Guest post: Neish - A One Name Study

A one name study looks at the origins of a surname rather than a
person or a family. Here, Alisdair Neish explains how getting
involved with the study led to him discovering people from all over
the world with the same surname.

Alisdair welcomes information on any Neish-related names to add to the database, and is especially seeking help with Northern Irish branches: McNeice, McNiece, and McNeece.

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I learned early that it is not uncommon to grow up not knowing anyone else who shares your surname. My only Uncle and my Dad's last remaining Uncle died when I was around 12. It was 10 years later, the year my Dad died, before I met another Neish. My early research uncovered almost nothing other than the McNab Folklore. [1]

I realised we were out there as the Neish / McNeish name had a habit of popping up in news items or documentaries, especially after the birth of the internet. I soon contacted lots of individuals who, like me, did not know much beyond their immediate family.

Then I was emailed by John Sudell Neish who is creating a One Name database of every Neish who ever lived. I was able to tell John enough to link into his data and John was able to tell me that we were 6th cousins and was kind enough to provide me with details of my entire family group since our common ancestor  of 1715. My research continued though.

Image: Loch Earn, home of the Neish clan (©  Patrick MacRitchie)

Even with a rare name you have to be careful with research. I have seen family trees online where a man is recorded as marrying his mother and a “super” Neish fathering a child when in his nineties. Of course both were wrong. I have proven four “Alexander Neish” babies all born in one tiny farm village in the same year. Care is always needed. So many people became upset at John when he pointed out the sometimes glaring errors in their own research that he has stopped all direct online interaction to concentrate on the Neish list.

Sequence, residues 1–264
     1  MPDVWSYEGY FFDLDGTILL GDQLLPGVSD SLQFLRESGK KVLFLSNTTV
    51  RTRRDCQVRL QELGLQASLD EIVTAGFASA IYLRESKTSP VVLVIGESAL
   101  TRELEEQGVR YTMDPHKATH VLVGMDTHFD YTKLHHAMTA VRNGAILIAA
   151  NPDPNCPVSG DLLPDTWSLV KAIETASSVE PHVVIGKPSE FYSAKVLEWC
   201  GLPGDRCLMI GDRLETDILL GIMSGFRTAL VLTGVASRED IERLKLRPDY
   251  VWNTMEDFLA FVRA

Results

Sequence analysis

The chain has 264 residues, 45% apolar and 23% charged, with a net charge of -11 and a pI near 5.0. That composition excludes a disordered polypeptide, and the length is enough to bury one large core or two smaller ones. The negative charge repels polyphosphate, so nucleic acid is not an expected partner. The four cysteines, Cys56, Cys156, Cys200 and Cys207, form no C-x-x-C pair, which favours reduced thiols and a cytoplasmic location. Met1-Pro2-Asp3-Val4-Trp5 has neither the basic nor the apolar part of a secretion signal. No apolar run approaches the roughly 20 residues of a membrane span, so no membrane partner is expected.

I and a few others now do our best, using his data and practice, to fill that online gap. We also collate whatever new information we can learn and pass that back to John for corroboration and inclusion in the master database.

I am happy to help anyone who is looking for Neish information if I can. Of course we are always happy to receive new information too, to add to the list which now stands at 25,000 individuals from all around the world. From farm hands to astronauts!

By the beginning of Scottish parish records there were already five distinct family groups in Scotland. This suggested there was more history to uncover from before the days of parish records.

The name (and its 40+ spellings) is rare enough that no-one had really worked on it since the 19th century. My own research is mainly into the many hundreds of randomly recorded individuals going back to 1200 AD (possibly even older but no firm proof as yet) which suggested a single source and most of my current work lies in trying to prove / disprove our early history. Nothing fitted the highland Clan system. That's a story for another day.

Most Scots clan names refer to an allegiance to a particular group or a strong leader who protected the local population in times of trouble. For example Son of Gregor has given us McGregor. Today many groups claim to be part of Large clans and are considered to be septs of the clan. Some Neish joined up with the McGregors and are accepted by clan societies today as a sept. This does not tell us where they came from. Were the Neish the sons of one man or a group of folks living under the protectorate of that leader?

Recently, following a request, I looked into the Northern Ireland family where the spelling generally altered to McNeice, McNiece, and McNeece. Unfortunately, due to the combination of changing government and a fire in the records office we have big gaps in the history of the family before the 1920’s. Establishing who belongs to which family on a countrywide scale is proving difficult and we would love to hear from anyone who has already looked at, or is currently looking into the Irish family to see if we can help each other.

If you would like to get in touch with Alisdair, you can email him at [email protected], and/or join the Neish Facebook group.

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[1] A McNab chief headed "the violent feud with the Clan Neish, or MacNeish, who held the lands in the upper part of Strathearn and lived on the lower part of Loch Earn, which they called Neish Island." From http://clan-macnab.com/macnab-history

As Alisdair noted above (and anyone researching Irish ancestry) can attest, Irish genealogy has it's own particular set of challenges for the researcher. In a few weeks, Pat Reynolds (FreeUKGEN's executive director) will be writing about records pertaining to Northern Ireland on our websites, and in the new year we will present a series of guest posts from a specialist in the field of Irish genealogy, to help you overcome those barriers.